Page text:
Edward Bulwer-Lytton: The Last Days of Pompeii

8. Chapter VIII (continued)

Olinthus did not then suffer Apaecides thus easily to escape him. He overtook and addressed him thus:

'I do not wonder, Apaecides, that I distress you; that I shake all the elements of your mind: that you are lost in doubt; that you drift here and there in the vast ocean of uncertain and benighted thought. I wonder not at this, but bear with me a little; watch and pray--the darkness shall vanish, the storm sleep, and God Himself, as He came of yore on the seas of Samaria, shall walk over the lulled billows, to the delivery of your soul. Ours is a religion jealous in its demands, but how infinitely prodigal in its gifts! It troubles you for an hour, it repays you by immortality.'

'Such promises,' said Apaecides, sullenly, 'are the tricks by which man is ever gulled. Oh, glorious were the promises which led me to the shrine of Isis!'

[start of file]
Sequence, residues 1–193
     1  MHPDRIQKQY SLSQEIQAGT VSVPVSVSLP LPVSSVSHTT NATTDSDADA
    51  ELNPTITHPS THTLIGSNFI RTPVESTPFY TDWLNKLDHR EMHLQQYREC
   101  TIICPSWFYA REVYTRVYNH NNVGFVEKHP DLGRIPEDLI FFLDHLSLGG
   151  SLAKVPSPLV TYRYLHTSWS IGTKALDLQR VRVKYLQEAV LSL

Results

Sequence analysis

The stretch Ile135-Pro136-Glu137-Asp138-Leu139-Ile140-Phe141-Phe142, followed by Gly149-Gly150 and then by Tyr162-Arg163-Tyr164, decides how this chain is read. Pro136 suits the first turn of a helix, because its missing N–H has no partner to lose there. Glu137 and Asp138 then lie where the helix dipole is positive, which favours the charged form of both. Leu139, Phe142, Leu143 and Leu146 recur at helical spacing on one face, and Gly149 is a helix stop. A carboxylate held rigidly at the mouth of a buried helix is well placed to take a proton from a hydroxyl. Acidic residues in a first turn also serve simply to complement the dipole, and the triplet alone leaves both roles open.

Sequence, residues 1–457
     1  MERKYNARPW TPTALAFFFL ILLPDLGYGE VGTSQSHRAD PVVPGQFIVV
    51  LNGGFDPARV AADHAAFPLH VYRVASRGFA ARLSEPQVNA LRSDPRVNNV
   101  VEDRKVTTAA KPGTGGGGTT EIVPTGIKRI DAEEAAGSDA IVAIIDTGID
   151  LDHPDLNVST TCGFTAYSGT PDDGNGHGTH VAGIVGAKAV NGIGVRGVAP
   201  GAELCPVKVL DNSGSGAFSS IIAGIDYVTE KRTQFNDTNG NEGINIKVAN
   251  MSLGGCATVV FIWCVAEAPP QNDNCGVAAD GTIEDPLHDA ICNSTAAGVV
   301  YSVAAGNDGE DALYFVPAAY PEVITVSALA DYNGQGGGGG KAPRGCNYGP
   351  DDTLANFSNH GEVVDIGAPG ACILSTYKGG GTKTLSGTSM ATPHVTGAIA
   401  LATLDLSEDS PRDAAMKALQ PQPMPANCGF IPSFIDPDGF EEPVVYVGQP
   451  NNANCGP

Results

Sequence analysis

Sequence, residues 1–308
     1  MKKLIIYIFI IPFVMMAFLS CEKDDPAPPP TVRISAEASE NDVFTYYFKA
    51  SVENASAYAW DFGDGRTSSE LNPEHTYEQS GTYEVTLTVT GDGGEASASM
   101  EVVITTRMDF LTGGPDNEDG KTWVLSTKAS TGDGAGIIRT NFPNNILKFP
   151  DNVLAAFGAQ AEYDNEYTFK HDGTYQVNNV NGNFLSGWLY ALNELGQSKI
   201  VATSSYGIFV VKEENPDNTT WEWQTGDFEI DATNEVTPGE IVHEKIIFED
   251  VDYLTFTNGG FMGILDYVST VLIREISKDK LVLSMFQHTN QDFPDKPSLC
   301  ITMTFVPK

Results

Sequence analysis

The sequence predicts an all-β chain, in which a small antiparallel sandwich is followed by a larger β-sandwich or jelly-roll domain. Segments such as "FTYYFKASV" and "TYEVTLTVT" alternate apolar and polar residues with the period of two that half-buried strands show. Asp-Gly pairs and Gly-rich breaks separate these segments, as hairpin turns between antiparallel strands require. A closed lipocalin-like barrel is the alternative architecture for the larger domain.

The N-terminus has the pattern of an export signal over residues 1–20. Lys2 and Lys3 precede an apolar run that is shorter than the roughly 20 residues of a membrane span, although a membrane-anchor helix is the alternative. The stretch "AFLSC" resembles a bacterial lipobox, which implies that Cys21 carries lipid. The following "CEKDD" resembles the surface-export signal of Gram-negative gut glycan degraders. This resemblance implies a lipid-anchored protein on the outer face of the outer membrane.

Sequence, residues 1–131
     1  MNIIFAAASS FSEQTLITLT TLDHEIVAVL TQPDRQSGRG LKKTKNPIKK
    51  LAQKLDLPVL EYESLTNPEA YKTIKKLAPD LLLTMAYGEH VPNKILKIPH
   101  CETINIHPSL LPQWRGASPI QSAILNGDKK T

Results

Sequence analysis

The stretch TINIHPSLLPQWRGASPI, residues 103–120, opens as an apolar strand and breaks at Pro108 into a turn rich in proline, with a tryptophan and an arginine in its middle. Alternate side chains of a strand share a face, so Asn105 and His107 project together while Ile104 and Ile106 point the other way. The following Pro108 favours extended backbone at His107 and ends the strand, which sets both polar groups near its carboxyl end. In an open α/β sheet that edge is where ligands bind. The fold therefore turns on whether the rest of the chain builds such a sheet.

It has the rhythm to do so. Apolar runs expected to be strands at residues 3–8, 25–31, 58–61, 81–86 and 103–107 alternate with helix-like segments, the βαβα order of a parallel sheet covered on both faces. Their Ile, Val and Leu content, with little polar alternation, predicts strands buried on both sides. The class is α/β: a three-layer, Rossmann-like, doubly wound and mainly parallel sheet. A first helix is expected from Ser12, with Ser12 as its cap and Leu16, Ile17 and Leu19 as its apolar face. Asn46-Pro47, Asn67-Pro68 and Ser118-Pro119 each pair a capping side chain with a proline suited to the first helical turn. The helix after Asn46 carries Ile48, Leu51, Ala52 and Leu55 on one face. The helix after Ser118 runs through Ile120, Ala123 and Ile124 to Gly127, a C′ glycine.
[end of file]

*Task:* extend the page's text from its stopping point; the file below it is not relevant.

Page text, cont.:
'But,' answered the Nazarene, 'ask thy reason, can that religion be sound which outrages all morality? You are told to worship your gods. What are those gods, even according to yourselves? What their actions, what their attributes? Are they not all represented to you as the blackest of criminals? yet you are asked to serve them as the holiest of divinities. Jupiter himself is a parricide and an adulterer. What are the meaner deities but imitators of his vices? You are told not to murder, but you worship murderers; you are told not to commit adultery, and you make your prayers to an adulterer! Oh! what is this but a mockery of the holiest part of man's nature, which is faith? Turn now to the God, the one, the true God, to whose shrine I would lead you. If He seem to you too sublime, two shadowy, for those human associations, those touching connections between Creator and creature, to which the weak heart clings--contemplate Him in His Son, who put on mortality like ourselves. His mortality is not indeed declared, like that of your fabled gods, by the vices of our nature, but by the practice of all its virtues. In Him are united the austerest morals with the tenderest affections. If He were but a mere man, He had been worthy to become a god. You honour Socrates--he has his sect, his disciples, his schools. But what are the doubtful virtues of the Athenian, to the bright, the undisputed, the active, the unceasing, the devoted holiness of Christ? I speak to you now only of His human character. He came in that as the pattern of future ages, to show us the form of virtue which Plato thirsted to see embodied. This was the true sacrifice that He made for man; but the halo that encircled His dying hour not only brightened earth, but opened to us the sight of heaven! You are touched--you are moved. God works in your heart. His Spirit is with you. Come, resist not the holy impulse; come at once--unhesitatingly. A few of us are now assembled to expound the word of God. Come, let me guide you to them. You are sad, you are weary. Listen, then, to the words of God: "Come to me", saith He, "all ye that are heavy laden, and I will give you rest!"'

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